The problem is, MMZ gets its gas from Gazprom’s subsidiary Moldova-Gaz. So any debt to Gazprom is owed by Moldova Gaz, not MMZ. Even with all the cheap energy it gets however, production at the plant has been falling for years from its peak in 2000: in 2016 just 127,500 tons of steel were produced. Usmanov has since sold the plant to the Sheriff Group, which owns almost everything in Transnistria – supermarkets, gas stations, hotels, farms, textile factories, and dominates the construction industry.
Outside of the safety belt ensured by Usmanov, the new owners of MMZ have applied for a temporary registration to the authorities of the Republic of Moldova, making Moscow furious towards its proxies of the breakaway region. Since Moscow is unable to provide alternatives to MMZ far beyond its long borders, it gave a green light for the registration, but only for a temporary one, which allows MMZ to resume exports only for the CIS, not for the EU, thus, this unsustainable arrangement left the plant in wild waters. Politics shape economic decisions in this separatist region. On March 3, 2018, MMZ suspended its exports to protest the installation of the first Moldovan – Ukrainian Joint Custom Office in Kuciurgan, thus signalling it would rather die than adapt to the inevitable joint control of two sovereign states. Although it may show sensitiveness, Moldova cannot trade its border for the comfort of the Russian state-run capitalists. Nor can it contemplate the misuse of economic dissatisfaction (sort of a ‘hunger games’ inspired by industrial elites) to erode its political agreements with Ukraine.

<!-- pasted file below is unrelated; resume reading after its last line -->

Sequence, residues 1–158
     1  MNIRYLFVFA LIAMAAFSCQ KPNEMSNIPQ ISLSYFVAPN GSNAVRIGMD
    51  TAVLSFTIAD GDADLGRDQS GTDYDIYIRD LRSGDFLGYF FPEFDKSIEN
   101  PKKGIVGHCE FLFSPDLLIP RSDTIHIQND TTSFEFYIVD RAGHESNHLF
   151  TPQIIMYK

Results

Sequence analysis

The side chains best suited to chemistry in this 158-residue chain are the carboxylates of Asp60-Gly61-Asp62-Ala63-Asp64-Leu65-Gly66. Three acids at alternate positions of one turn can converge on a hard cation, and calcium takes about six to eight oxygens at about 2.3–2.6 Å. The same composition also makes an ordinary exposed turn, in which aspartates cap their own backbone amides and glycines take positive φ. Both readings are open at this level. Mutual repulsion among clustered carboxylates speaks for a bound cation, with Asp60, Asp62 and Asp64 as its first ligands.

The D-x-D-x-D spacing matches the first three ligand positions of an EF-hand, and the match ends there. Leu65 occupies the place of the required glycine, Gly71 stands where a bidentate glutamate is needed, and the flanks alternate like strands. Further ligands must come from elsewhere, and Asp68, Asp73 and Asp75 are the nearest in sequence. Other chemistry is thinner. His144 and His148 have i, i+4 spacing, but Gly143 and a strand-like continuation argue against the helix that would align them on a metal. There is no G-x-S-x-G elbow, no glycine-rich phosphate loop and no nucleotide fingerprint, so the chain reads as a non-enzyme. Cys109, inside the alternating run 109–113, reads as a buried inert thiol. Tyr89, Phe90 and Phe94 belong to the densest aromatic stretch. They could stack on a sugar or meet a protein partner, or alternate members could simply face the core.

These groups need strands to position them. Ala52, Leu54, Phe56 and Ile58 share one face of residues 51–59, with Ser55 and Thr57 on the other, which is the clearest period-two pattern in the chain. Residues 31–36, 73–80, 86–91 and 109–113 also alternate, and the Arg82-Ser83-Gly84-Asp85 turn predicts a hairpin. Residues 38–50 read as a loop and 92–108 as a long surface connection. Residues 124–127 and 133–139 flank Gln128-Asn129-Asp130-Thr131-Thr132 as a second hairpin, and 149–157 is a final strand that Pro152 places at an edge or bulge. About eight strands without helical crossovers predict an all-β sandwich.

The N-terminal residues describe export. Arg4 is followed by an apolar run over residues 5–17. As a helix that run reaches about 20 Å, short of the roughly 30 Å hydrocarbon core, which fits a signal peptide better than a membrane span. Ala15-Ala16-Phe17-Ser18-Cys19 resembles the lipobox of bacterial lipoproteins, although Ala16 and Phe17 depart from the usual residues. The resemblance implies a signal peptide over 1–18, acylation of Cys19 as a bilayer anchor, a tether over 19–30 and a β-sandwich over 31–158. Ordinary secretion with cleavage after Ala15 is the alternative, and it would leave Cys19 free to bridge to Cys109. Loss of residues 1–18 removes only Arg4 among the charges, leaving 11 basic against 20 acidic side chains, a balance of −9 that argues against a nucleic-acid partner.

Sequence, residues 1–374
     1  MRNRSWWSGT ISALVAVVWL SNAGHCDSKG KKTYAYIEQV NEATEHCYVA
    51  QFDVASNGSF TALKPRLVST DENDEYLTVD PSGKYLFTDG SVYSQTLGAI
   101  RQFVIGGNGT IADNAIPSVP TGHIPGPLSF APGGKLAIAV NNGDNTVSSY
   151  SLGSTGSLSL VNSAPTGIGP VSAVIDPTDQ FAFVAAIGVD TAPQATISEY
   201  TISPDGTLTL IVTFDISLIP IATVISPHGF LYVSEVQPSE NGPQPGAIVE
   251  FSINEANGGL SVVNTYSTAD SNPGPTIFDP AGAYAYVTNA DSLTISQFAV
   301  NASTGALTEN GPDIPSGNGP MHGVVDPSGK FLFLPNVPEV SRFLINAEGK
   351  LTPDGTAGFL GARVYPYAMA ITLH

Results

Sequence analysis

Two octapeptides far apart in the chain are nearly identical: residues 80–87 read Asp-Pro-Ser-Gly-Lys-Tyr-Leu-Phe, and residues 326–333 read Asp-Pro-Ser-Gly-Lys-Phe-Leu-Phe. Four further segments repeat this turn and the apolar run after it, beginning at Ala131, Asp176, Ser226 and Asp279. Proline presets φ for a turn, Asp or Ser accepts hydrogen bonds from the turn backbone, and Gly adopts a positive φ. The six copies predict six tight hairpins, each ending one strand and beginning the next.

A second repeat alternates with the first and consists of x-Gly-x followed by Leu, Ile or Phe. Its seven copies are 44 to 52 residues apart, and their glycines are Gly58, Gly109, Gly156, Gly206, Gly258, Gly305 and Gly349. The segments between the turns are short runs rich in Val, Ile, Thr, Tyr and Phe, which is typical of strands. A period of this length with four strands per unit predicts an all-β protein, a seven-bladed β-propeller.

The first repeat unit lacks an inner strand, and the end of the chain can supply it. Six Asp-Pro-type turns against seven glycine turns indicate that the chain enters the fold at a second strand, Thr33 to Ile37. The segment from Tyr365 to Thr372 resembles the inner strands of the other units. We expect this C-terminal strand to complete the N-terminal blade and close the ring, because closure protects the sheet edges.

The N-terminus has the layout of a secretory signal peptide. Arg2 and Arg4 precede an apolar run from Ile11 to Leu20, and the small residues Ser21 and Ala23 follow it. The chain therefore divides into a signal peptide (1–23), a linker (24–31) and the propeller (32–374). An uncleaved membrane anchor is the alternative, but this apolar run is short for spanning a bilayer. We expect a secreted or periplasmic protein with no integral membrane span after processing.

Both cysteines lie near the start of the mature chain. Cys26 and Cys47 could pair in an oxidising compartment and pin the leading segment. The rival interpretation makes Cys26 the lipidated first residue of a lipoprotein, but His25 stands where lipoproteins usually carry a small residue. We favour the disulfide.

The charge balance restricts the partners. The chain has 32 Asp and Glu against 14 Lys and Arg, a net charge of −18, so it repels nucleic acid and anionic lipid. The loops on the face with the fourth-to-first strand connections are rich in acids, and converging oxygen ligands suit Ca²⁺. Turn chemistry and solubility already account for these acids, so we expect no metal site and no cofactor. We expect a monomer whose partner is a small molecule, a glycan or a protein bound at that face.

What would a complete failure for MMZ mean?
Placing MMZ under sanctions intersects with a number of issues. Firstly, it overstates a growing business fatigue in the region regarding the preservation of an unsustainable status quo in the separatist republic. It signals to everyone that despite its belligerent rhetoric Russia can no longer be influential in setting a business agenda for the region. It is practically impossible to rejuvenate something that was built on the Soviet model of industrial ineffectiveness.
Second, the story of MMZ is closely followed by the second most important contributor to the Transnistrian budget: the Kuchurgan Power Plant (Moldavskaia GRES). Almost 80 per cent of the electricity Moldova needs is supplied from Kuchurgan, which was purchased in 2005 by the Russian INTER RAO UES. The pattern is almost the same as for MMZ: from 2006 to 2016, Kuchurgan paid less than 28 per cent of the real cost for gas and continues to generate electricity without paying for it. Credible data show that between 2010-2015, the Kuchirgan plant increased the debts of Moldova Gaz to Gazprom by 2.36 billion US dollars, with a substantial share being directly consumed by the separatist administration for its own needs.